Intercomparison and Interpretation of Satellite-Derived Directional Albedos over Deserts

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  • 1 Institute for Atmospheric Sciences, State University of New York Stony Brook, New York
  • | 2 Columbia University, New York, New York
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Abstract

Desert regions are employed in somewhat of a tutorial mode for the purpose of addressing several issues associated with understanding the dependence of planetary (top-of-the-atmosphere) albedo upon solar zenith angle, i.e., the directional planetary albedo. It is emphasized that in evaluating this quantity from satellite data, and with reference to land surfaces, spurious results may be obtained if geographical variations of the planetary, albedo are not isolated from the albedo's solar zenith angle dependence. An atmospheric solar radiation model is then coupled with desert surface bidirectional reflectance measurements to test for consistency with satellite-derived directional planetary albedos. The model is further used to address issues such as the use of narrowband versus broadband instruments, the impact of desert aerosols upon the directional planetary albedo, and to interpret potential differences in the directional planetary albodo associated with different types of deserts. The model results show consistency with satellite measurements, while further suggesting that over desert regions, narrowband instruments should replicate broadband measurement of the directional planetary albedo, as is also consistent with observations. The model shows that the directional planetary albedo is dominated by the directional surface albedo, although surface brightness is a second factor since it influences atmospheric limb brightening and limb darkening processes.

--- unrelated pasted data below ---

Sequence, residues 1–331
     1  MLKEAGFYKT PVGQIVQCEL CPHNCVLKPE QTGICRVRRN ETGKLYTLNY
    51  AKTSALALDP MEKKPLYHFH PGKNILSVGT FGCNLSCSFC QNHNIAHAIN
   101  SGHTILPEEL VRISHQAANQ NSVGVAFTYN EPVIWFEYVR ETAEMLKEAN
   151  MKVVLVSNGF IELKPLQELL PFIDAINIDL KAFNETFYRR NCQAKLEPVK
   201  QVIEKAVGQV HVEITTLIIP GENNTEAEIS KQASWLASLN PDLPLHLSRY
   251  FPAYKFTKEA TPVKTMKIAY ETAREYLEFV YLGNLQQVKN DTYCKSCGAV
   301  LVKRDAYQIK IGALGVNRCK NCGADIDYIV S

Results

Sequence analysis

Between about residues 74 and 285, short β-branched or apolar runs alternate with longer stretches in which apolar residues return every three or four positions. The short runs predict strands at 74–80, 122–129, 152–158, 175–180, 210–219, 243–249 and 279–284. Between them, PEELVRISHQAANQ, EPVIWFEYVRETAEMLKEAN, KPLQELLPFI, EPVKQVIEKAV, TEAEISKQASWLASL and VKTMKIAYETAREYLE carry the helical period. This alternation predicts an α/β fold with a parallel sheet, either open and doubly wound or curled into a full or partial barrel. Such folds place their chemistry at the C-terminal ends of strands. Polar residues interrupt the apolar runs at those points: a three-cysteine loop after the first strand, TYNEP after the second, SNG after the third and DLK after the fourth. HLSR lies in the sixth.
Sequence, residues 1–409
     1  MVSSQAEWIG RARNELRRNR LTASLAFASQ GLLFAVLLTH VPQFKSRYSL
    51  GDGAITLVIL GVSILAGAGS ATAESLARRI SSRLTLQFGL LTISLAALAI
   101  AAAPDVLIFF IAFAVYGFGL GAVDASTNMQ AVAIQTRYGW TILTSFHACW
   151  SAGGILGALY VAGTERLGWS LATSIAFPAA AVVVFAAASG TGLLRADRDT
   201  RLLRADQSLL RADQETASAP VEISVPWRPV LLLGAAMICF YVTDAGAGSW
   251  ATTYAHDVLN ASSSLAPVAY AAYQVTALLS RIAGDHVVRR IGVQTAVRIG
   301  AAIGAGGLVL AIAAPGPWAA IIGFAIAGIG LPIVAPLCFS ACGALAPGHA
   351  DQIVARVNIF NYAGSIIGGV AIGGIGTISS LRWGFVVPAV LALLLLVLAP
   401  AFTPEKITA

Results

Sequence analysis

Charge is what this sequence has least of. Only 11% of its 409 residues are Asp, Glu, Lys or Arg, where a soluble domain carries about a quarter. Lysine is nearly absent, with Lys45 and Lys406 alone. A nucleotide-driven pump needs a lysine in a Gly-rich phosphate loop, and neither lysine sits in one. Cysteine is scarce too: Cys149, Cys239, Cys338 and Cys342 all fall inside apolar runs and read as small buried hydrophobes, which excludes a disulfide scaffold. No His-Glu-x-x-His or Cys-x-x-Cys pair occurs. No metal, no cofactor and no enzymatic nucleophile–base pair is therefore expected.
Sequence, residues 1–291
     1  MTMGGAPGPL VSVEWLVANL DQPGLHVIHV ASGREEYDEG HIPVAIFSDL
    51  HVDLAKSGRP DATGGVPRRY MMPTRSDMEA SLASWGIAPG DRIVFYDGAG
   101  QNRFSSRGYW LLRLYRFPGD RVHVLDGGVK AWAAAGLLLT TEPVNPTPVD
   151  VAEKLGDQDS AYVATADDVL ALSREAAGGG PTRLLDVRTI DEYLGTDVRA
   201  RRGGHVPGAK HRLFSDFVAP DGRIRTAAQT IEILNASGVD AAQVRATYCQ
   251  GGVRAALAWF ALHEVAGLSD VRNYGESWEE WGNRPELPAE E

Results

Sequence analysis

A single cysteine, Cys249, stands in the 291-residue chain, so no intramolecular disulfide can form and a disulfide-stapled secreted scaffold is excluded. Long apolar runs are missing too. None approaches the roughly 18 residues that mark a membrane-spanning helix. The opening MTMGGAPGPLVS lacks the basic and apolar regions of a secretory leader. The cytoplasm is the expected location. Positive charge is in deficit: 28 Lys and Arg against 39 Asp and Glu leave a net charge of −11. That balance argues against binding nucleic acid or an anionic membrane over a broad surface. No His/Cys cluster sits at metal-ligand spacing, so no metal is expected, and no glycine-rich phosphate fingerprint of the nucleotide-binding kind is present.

Abstract

Desert regions are employed in somewhat of a tutorial mode for the purpose of addressing several issues associated with understanding the dependence of planetary (top-of-the-atmosphere) albedo upon solar zenith angle, i.e., the directional planetary albedo. It is emphasized that in evaluating this quantity from satellite data, and with reference to land surfaces, spurious results may be obtained if geographical variations of the planetary, albedo are not isolated from the albedo's solar zenith angle dependence. An atmospheric solar radiation model is then coupled with desert surface bidirectional reflectance measurements to test for consistency with satellite-derived directional planetary albedos. The model is further used to address issues such as the use of narrowband versus broadband instruments, the impact of desert aerosols upon the directional planetary albedo, and to interpret potential differences in the directional planetary albodo associated with different types of deserts. The model results show consistency with satellite measurements, while further suggesting that over desert regions, narrowband instruments should replicate broadband measurement of the directional planetary albedo, as is also consistent with observations. The model shows that the directional planetary albedo is dominated by the directional surface albedo, although surface brightness is a second factor since it influences atmospheric limb brightening and limb darkening processes.

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